Fuel injector sizes are determined by the engine’s power output. They are calculated in pounds-per-hour of fuel dispersed. For example, 25lbs-per-hr is sufficient to support 350hp; 45lbs-per-hr is sufficient for 500hp and so on.
Lastly, hot air expands and cold air condenses—the colder the air the better the cylinder-filling to say nothing of its deterrent to detonation. Thus, adding an intercooler when costs permit is never wasteful.
And one more for good measure: Clearances
Clearance questions, particularly in the engine bay, around the alternator and above the carburetor seem to be the chief concerns.
Says Chris Beardsley: “We provide chassis drawings. With regard to alternator relocation on the small-block Ford and big-block Mopar—both A body and B body, we have mocked-up all those components and though the clearances appear to be close to the engine, they are adequate.” However, the most prominent clearance question involves the carburetor hat. The conventional carburetor hat measures 3.5in deep—although low-rise carburetor hats are still available that measure 2.400in.
Attn: Chris Beardsley
Grand Rapids, Michigan
(616) 706-5580 (6am-4:30pm EST)
Attn: Rob Walden
Lamar Walden Automotive
(770) 449-0315 x301
I’m curious as to the preference of the crankshaft stroke length. Does the supercharger function better with a longer or shorter stroke? I’m building an LS engine and can alter my CID either way. So what would the supercharger prefer in your opinion?
Al, pursue the longer stroke. You will increase your cubic inch displacement, your low-end torque, and your new supercharged engine will require fewer revs than the naturally aspirated unit. Naturally aspirated engines don’t have a compressor and, hence, rely on engine revs to draw the air into the cylinders. The longer stroke combined with the supercharger’s compressor will build torque before the naturally aspirated engine could flow the equivalent amount of air. This was Porsche’s secret at Le Mans for years: low-end torque meant improved driveability in traffic, increased corner exit speeds, and fewer revs to accomplish it.
Can I run a TorqStorm supercharger on my AMC with 11.3:1 compression ratio? My engine is a stock 401 with cast iron cylinder heads and a 950hp Ultra carburetor.
With 11.3:1 compression ratio and cast-iron heads, your AMC engine will struggle to run a supercharger and avoid detonation. You could use very high octane fuel to combat it, and a boost-retarding ignition controller could also help. Any attempt at running it successfully would depend on the balance between supercharger output, timing, octane, and detonation resistance. Still, considering your cylinder pressures and heat levels, the survival of the engine is questionable.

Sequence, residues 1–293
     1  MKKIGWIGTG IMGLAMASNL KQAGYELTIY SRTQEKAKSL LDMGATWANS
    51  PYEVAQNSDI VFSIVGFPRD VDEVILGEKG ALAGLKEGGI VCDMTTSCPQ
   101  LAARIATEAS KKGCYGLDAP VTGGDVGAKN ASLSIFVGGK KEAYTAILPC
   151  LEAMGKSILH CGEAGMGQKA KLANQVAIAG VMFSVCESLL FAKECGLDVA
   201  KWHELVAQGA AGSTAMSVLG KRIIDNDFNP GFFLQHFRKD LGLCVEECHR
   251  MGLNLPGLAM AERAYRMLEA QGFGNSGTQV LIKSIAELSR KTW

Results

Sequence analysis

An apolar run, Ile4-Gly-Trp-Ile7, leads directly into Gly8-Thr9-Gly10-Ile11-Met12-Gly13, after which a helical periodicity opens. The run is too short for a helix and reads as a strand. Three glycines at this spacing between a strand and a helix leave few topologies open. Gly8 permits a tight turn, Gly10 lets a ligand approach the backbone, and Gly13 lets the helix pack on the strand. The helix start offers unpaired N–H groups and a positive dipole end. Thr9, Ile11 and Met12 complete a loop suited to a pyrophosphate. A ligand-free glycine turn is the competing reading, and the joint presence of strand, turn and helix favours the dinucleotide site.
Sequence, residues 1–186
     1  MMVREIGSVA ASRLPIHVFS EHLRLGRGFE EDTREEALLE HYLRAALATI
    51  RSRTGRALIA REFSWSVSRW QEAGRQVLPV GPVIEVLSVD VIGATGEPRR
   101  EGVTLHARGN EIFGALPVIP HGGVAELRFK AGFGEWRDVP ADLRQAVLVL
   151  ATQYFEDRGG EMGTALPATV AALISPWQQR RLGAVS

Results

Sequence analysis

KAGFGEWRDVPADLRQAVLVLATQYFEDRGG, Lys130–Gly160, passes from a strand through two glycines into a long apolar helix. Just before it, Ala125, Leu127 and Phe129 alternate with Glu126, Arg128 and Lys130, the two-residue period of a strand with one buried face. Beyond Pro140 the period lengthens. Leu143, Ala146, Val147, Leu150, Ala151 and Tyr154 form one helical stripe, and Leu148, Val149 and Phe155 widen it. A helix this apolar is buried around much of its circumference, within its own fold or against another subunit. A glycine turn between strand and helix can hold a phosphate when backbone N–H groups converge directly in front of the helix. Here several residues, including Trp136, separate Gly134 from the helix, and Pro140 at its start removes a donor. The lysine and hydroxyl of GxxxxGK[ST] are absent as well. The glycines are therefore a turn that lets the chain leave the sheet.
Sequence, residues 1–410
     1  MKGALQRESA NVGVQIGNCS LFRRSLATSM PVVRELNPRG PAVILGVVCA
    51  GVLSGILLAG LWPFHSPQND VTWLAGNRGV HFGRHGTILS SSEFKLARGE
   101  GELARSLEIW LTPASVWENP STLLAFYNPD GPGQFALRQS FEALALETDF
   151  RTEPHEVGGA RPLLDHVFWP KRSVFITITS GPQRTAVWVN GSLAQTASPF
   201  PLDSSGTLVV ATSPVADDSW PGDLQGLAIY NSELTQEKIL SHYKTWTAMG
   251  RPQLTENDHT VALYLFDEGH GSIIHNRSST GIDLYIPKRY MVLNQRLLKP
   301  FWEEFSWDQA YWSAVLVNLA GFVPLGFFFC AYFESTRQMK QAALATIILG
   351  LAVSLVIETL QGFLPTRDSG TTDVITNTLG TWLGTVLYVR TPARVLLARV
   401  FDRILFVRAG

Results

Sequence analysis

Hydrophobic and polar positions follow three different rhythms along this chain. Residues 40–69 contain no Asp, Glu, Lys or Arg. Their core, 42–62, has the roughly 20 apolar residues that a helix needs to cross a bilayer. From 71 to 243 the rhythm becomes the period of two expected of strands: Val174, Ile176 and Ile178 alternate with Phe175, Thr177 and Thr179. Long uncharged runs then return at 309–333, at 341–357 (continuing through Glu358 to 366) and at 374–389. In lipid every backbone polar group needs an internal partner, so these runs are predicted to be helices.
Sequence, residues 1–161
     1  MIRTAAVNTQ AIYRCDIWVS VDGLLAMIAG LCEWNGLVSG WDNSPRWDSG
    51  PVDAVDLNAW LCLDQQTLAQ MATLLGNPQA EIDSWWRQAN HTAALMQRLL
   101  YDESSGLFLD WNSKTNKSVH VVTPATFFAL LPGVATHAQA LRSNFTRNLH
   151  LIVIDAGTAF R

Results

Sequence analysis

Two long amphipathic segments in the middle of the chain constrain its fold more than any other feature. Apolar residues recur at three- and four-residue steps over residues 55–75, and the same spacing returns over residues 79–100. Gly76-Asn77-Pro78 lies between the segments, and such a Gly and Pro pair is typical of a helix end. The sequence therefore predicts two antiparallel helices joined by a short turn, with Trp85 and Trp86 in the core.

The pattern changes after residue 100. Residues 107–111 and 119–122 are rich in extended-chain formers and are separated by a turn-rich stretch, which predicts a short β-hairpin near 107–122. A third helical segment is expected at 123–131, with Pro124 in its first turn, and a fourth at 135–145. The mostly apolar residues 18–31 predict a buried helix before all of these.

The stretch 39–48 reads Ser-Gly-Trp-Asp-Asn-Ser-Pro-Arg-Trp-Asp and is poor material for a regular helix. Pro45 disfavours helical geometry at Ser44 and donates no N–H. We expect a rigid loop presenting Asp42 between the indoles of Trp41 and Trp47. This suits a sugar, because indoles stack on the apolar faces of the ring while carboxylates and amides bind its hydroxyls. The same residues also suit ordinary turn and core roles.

So if my big block Chevy is 10:5:1 or 10:1 with aluminum heads and a blow-through carb on pump gas, I shouldn’t really have much of an issue running the superchargers?
Hello Ken. There are a number of variables involved here: base power level, power level required, timing and airflow amount needed to achieve the required power level. Cam profiles also have an influence. If you want to email me about your project, we can break down the steps involved in building more power.
I purchased one of your superchargers three years ago but was diagnosed with cancer a couple of days later. Following multiple colon rectal surgeries, chemo, pinpoint radiation, etc., and with engine built, 351 stroked to 408, my granddaughter’s pet goats walked into the shop and ate all my TorqStorm schematics. Could you send me some fresh paperwork? I would be glad to pay for it. Thanks Terry
Can you send me an email and I can send you new instructions.
Hello Terry, I sincerely hope all is well with your health problems. Your 351 stroked to 408 sounds like a Ford Cleveland engine and that’s what I’m currently building. How did everything go with your stroker and the TorqStorm? It would seem to be quite a powerful combination after you get everything sorted out with the tune. Thanks.
I have a TorqStorm on my Oldsmobile 8 liter. Can I set the boost or is it always fixed? Thanks